“Healthy leaders” is a relatively new term in the realm of leader development. Keith Yoder of Teaching the Word Ministries was one of its early definers and a man who literally wrote the book on the subject, Healthy Leaders (1998). During a recent interview, I asked Keith to share a bit of his background, what has changed in leader development, what he has learned, and challenges he has faced during his long career as a leader. His answers express a clear and continuing need for attention to clear identity and clear direction as cornerstones of healthy leadership.
Getting Started with Healthy Leadership
Beginning with his experience in his local congregation, Keith was exposed to leadership issues early in life. Since the age of 16, every organization he was involved in invited him into a position of leadership. As a student and young adult, he felt that something was out of order at the local level and began to think about and seek resources on healthy leadership. In short, he felt a calling on his heart to be a resource to pastors.
At that time, however, there were limited materials pertaining to healthy leadership. Keith loved psychology and wanted to go deeper into the inner workings and motivations of leadership. In addition to absorbing the secondary literature on the subject, he gained much of his knowledge through actual personal experience.
Changes in Leadership Culture
One of the major changes that has taken place since the beginning of his career, and that Keith helped to bring about, is a movement away from simply relying on following a set of principles in order to foster healthy leadership. Instead, as Keith stresses, leaders must have a clear sense of identity – and therefore a clear sense of direction – in order to be effective.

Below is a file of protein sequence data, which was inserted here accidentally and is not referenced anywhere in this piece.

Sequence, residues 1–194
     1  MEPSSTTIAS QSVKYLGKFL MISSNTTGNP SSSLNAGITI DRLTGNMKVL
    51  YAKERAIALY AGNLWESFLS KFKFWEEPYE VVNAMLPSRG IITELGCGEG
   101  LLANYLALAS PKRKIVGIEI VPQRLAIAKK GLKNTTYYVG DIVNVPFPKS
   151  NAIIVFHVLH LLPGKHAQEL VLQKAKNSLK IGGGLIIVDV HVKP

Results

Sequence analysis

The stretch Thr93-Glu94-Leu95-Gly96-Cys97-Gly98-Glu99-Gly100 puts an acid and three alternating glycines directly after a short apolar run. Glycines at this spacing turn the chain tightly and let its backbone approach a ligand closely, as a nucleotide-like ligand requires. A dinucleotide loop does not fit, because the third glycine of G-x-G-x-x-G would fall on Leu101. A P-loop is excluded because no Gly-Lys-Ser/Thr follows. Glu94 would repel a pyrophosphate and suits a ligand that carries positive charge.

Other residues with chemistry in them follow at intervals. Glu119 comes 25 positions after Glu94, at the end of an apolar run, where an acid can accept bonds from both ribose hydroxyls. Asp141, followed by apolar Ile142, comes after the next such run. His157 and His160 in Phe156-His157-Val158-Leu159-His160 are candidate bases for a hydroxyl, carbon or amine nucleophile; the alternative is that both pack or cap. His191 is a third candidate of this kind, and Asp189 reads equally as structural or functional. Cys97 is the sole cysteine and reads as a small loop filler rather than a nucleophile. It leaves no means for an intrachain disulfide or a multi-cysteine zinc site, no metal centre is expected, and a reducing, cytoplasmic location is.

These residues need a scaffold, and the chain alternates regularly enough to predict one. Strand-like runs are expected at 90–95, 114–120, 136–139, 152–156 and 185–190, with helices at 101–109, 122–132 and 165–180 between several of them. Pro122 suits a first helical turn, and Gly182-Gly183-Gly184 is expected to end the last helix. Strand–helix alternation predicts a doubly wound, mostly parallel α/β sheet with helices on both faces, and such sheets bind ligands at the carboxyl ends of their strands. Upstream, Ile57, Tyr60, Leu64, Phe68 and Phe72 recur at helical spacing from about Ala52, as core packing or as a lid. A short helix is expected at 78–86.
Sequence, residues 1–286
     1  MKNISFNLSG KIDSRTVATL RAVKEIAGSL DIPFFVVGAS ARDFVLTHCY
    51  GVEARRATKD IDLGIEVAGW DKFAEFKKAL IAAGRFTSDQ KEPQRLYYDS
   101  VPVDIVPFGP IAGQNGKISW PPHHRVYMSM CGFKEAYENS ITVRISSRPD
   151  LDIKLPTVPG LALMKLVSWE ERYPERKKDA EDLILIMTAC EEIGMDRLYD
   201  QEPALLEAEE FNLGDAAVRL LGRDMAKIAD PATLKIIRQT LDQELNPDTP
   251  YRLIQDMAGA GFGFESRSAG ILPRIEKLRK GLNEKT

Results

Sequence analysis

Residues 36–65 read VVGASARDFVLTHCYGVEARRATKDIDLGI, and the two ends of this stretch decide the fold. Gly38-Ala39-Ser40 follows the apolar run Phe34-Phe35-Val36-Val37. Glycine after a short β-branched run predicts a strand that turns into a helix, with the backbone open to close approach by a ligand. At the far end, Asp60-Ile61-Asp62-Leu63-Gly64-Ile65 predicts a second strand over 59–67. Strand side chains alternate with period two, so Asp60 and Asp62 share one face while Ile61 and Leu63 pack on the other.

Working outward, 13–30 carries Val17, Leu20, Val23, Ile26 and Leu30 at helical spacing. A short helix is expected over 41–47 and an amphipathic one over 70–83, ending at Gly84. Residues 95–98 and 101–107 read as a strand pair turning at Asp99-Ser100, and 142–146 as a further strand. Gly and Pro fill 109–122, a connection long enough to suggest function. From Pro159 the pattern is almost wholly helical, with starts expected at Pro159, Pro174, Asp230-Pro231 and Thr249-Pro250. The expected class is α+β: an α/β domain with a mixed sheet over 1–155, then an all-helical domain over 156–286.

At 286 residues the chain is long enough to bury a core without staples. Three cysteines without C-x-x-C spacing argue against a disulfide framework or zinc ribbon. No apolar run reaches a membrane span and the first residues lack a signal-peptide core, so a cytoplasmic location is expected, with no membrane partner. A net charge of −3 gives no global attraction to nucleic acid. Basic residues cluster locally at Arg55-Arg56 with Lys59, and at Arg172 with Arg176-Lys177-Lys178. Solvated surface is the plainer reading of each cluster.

Leaders often try to apply principles mechanistically without knowing who they are in God’s design, an understanding which grows from an intimate relationship with the Father. For example, they might attend a high-powered leadership conference and come back discouraged because they cannot be like the dynamic workshop speaker. If they understand their own gifting, however, they will realize that success does not just mean emulating a particular leader or implementing his or her principles.
Keith also shared a few major ways that he counsels leaders now that he might not have in decades past. Twenty years ago, for example, Keith said that he did not realize that good leaders and good followers shared two things: they both think critically about the mission of the organization and how to improve it, and they are both active in moving the organization in its mission.
He explained, “When leaders are approaching leadership as ‘I motivate these people, I get them to do what they should be doing,’ that misses the whole relational investment and ownership of also thinking critically and being open to the followers’ critical thinking about where we are going. It’s not one dimensional. [It’s not] ‘I am a great leader, so everything is going to be fine.’”